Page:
The University of Rochester Clinical and Translational Science Institute (UR CTSI) is the academic home for clinical and translational science at the institution, providing a centralized, integrated infrastructure. Under a novel system of governance, the Dean of the School of Medicine and Dentistry also serves as the UR CTSI Program Director, and therefore has authority over space, faculty, budgets, and other resources related to the CTSI, including the Clinical Research Center (CRC). With these newly-integrated resources, the UR will transform the two distinct research fields of clinical and translational science into a single new discipline. The goals of this discipline include the creation of new knowledge and techniques to diagnose, prevent and treat human disease, and the establishment of an environment that catalyzes their application to clinical practice in the community. The UR CTSI will carry out a number of specific aims involving the development of novel clinical and translational research methodologies; support for pilot studies; upgraded biomedical informatics, epidemiology, research design, ethics, and regulatory support; community engagement; new technology and resource cores; new educational and training programs; an Upstate New York Consortium for translational research; and rigorous evaluation and measurement of performance outcomes.
Provides mentoring for the professional and personal development of all graduate women at the University of Rochester College of Arts and Sciences and Medical Center. Meetings tap into expertise and experience available at both the Medical Center and College including presentations from outside guest speakers.
With Vivian Lewis as primary investigator, the University was recently awarded approximately two million dollars by the National Institutes of Health to help improve diversity in the scientific workforce. The goal is to investigate the role of two different types of trainee and faculty mentoring in the promotion of resilience among underrepresented minorities including differently abled/disabled persons in biomedical research careers.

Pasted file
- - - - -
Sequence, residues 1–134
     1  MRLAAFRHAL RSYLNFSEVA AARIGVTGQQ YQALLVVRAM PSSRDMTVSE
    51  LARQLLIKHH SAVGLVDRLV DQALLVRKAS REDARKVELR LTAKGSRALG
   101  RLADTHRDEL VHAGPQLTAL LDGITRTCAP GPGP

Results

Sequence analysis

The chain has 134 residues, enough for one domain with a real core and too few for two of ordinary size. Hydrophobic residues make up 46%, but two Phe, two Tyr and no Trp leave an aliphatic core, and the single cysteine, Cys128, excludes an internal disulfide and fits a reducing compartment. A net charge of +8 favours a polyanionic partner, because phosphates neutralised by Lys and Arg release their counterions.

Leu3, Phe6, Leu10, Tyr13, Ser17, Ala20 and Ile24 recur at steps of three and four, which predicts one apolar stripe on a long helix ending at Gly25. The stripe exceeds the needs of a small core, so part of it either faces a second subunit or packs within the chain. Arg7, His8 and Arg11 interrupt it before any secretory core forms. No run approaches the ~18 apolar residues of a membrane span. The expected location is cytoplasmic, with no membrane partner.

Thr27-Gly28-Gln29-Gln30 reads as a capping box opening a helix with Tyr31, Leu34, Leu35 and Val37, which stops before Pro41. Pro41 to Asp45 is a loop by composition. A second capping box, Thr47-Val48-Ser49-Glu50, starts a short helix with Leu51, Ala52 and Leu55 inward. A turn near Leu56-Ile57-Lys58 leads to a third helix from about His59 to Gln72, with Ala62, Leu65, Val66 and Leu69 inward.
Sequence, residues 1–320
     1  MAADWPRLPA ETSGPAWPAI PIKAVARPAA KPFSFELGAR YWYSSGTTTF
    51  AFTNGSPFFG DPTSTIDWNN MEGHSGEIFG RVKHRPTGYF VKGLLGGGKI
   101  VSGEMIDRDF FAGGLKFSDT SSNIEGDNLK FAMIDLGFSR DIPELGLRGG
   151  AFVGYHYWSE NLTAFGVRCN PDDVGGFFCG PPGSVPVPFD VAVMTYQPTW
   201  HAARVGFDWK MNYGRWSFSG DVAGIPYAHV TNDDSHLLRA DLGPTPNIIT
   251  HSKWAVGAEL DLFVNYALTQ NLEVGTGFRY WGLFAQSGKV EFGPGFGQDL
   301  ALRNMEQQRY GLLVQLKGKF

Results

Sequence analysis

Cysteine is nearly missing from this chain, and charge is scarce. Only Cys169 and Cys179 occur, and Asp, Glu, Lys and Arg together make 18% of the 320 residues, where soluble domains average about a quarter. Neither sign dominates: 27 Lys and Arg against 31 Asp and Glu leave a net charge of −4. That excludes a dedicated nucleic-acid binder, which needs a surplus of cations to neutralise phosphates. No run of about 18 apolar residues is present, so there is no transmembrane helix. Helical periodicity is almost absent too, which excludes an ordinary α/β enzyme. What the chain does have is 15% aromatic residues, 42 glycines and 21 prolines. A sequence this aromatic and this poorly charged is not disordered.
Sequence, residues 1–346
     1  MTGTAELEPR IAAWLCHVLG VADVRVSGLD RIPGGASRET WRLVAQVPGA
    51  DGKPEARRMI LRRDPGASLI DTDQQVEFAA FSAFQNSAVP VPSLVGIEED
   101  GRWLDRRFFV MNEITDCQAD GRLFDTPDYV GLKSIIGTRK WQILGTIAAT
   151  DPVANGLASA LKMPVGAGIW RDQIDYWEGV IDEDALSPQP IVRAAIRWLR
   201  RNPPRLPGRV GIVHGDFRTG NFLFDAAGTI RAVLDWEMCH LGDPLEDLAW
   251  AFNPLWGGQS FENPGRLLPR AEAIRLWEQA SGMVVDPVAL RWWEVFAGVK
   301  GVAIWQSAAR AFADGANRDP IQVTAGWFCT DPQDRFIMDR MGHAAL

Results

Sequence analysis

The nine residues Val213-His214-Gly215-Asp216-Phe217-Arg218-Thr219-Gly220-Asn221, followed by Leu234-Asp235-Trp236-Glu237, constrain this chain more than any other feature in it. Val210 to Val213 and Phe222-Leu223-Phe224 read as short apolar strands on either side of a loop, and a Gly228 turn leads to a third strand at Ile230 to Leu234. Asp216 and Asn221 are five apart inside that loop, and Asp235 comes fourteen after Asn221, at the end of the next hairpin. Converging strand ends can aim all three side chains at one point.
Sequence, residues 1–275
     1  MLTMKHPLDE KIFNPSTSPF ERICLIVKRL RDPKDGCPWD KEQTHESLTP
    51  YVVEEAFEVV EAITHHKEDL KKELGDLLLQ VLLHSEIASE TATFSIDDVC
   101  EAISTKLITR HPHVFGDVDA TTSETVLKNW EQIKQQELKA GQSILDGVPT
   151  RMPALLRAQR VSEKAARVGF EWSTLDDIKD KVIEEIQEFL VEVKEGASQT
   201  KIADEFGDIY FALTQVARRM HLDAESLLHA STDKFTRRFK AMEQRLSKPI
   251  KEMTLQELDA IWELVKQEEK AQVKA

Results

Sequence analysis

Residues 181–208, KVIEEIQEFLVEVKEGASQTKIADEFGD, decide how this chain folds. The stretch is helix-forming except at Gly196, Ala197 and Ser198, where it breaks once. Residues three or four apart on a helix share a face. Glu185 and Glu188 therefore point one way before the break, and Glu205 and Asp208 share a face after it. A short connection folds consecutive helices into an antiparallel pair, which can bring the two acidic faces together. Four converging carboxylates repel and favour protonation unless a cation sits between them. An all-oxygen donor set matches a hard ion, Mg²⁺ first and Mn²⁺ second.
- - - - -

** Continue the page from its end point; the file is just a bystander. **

Under the mechanism of NIMH (U24), Co-PI Dr. Yeates Conwell developed a web-based mentoring network for early career investigators from backgrounds underrepresented in the research workforce. Called VMED (Virtual Mentoring Network to Enhance Diversity in the Research Workforce), the study is in collaboration with colleagues in Washington DC who run a company providing web-based "collaboratory" tools for scientists, PG Perpich, Llc.
Rochester has been selected as one of the 25 core members of the CIRTL network, who will work together to apply for expanded funding from the National Science Foundation. CIRTL will offer many opportunities to enhance our development of faculty in STEM disciplines based on graduate education.
The National Center for Deaf Health Research (NCDHR) is one of 33 prevention research centers funded by the Centers for Disease Control and Prevention (CDC) through the Prevention Research Centers (PRC) Program. The PRC program is a network of academic researchers, public health agencies, and community members that conducts applied research in disease prevention and control.